Rebecca: Chapter 3
“I wonder what my life would be today, if Mrs. Van Hopper had not been a snob.”
That is the opening line of Chapter 3 of Daphne Du Maurier’s Rebecca.
A lot of Rebecca is about class, about the central character’s feelings of inferiority because she is not considered of the class of her husband, Maxim, and his family and friends. There is, however, very little snobbery from the upper class she so fears. The real class snobbery comes from Mrs. Van Hopper, her employer, from the servants in the posh hotel where Mrs. Van Hopper stays while abroad and from another servant, Mrs. Danvers.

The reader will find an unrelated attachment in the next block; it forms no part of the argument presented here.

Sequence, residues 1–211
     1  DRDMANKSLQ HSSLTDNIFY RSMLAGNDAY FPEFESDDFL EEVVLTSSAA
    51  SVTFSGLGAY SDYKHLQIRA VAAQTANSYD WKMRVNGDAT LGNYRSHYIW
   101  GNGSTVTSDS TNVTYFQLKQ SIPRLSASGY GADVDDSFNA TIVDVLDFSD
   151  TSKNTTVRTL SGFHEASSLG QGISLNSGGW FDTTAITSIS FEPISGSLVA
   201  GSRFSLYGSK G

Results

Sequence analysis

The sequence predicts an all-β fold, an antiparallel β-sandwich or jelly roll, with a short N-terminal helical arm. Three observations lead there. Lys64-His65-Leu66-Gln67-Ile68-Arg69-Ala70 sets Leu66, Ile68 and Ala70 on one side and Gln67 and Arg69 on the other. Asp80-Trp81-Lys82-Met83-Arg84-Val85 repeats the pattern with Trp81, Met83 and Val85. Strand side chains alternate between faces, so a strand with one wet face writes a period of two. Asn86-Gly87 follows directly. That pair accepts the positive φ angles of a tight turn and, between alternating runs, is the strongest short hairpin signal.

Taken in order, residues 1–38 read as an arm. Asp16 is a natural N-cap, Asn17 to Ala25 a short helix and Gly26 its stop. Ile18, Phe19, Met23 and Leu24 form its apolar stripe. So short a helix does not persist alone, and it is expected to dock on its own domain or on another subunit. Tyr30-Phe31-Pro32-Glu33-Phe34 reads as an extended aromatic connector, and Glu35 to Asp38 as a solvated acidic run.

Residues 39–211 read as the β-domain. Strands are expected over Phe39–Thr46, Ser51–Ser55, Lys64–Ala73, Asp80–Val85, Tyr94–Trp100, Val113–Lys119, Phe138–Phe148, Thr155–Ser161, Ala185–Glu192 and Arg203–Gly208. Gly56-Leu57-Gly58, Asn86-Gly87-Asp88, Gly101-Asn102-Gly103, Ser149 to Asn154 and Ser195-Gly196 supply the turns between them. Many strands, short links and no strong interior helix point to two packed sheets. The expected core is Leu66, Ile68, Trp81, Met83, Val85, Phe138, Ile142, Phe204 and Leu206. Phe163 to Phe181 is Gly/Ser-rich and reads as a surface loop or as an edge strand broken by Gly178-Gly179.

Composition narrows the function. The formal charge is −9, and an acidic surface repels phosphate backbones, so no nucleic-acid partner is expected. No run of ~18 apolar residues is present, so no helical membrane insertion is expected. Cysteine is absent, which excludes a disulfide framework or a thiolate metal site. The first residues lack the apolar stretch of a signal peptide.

Most of the fear and insecurity about class comes from the central character herself – her projection (always negative) and internalizing of what she thinks they must think of her.
She compares herself to “a juggler’s assistant,” and describes herself as “unimportant.” She refers to her “shame” the “agonies of youth.”
In fact, it is Maxim’s respectful treatment of her (lowly as she is) that endears him to her.